Four line charts illustrating 1970s stagflation, 1980s double-dip recession, the GFC, and market sell of during COVID.

Following a year of significant financial market volatility, investors would be surprised to know that international equities outperformed U.S. equities by more than 2% in 2022. A tough victory to celebrate in a year that saw significant negative equity returns.

It has not always been easy to stand by our conviction that shifting capital into a geographically diversified allocation is prudent. Since 2011, U.S. equities have led international equities over any five-year period. However, the outperformance of U.S. vs. international equities tends to rotate over time (see chart below), and while risks remain, there are some recent positive economic developments to note around the world.

Within China, a recent policy pivot away from a Zero-COVID approach, along with fiscal support for the embattled property sector, now makes the world’s second-largest economy a potentially attractive investment opportunity as it appears poised for a strong recovery in 2023.

In Europe, data is holding up better than expected, equity market valuations are below historical averages, and elevated dividend yields offer a favorable entry point if a recession can be avoided.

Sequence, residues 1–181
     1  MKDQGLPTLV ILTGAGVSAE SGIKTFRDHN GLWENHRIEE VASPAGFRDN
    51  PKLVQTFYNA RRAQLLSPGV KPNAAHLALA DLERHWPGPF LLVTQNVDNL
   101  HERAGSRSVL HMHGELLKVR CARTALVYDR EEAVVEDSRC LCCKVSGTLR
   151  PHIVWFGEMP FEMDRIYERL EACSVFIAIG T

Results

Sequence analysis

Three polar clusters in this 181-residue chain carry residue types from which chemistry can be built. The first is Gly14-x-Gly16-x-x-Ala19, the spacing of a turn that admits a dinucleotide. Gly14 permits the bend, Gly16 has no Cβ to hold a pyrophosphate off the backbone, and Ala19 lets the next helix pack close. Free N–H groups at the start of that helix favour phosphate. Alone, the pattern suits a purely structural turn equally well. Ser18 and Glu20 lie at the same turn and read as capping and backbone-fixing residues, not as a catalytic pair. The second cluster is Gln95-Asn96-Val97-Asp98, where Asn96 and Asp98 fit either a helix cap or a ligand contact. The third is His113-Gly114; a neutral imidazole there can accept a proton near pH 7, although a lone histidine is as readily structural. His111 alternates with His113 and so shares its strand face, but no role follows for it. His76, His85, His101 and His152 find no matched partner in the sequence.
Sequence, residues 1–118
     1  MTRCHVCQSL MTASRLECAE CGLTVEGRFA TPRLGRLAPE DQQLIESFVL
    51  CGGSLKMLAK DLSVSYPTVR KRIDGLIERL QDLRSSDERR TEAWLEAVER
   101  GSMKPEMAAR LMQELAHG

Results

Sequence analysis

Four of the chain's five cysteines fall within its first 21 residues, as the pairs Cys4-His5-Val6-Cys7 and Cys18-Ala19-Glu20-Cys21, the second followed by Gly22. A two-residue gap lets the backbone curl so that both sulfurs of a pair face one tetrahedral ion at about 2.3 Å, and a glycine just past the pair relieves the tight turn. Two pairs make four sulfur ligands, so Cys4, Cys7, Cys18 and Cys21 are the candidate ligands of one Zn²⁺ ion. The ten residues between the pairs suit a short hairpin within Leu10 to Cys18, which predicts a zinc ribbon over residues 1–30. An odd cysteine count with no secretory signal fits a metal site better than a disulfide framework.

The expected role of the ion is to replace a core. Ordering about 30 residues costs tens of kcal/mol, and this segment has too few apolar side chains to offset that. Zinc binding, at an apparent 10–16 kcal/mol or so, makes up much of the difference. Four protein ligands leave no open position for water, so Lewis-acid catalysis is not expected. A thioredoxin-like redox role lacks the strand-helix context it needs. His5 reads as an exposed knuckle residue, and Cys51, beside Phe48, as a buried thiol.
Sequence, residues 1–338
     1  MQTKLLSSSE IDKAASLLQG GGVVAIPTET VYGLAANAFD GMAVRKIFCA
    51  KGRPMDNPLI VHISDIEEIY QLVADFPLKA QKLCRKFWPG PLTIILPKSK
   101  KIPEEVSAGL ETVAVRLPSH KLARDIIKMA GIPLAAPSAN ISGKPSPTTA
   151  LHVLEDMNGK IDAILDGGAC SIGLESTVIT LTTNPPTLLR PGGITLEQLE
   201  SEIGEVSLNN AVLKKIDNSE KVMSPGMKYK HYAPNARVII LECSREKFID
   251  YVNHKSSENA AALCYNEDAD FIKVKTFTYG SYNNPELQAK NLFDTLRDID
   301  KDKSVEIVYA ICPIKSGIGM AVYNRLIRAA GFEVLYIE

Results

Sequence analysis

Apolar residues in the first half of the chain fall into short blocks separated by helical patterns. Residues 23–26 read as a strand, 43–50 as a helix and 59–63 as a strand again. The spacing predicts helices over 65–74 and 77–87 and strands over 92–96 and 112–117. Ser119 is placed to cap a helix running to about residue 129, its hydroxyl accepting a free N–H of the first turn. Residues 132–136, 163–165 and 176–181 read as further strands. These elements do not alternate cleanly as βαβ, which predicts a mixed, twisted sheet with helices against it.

Graph of US Equity performance compared to International equity performance from 12/1987 through 12/2022

Overall, we think that equity markets will have no shortage of headwinds in the year ahead, including slowing economic growth and a test of corporate earnings. This past year’s price declines are at least somewhat reflecting economic softness, and history shows market participants should also anticipate a rebound before the official statistics begin to reflect positive developments. However, we expect that the forward-looking nature of markets and much more reasonable valuations could help cushion downside volatility in 2023 and boost returns.

Concluding Thoughts

In 2022, financial markets suffered from the highest inflation levels seen since the 1980s amid efforts of central bankers to reduce price pressures. Across the globe, the drivers of inflation varied but generally can be attributed to elevated government spending, rolling COVID-related lockdowns in China, and the pressure of Russia’s invasion of Ukraine on food and energy markets. Combined, these dynamics brought instability to financial markets.

While we have a base case view, we prepare portfolios for a variety of outcomes. Right now, our reading of the economy shows continued tailwinds and headwinds. Nevertheless, we continue to believe in a global multi-asset class portfolio approach with an eye toward changes or moderate adjustments when appropriate to mitigate portfolio volatility.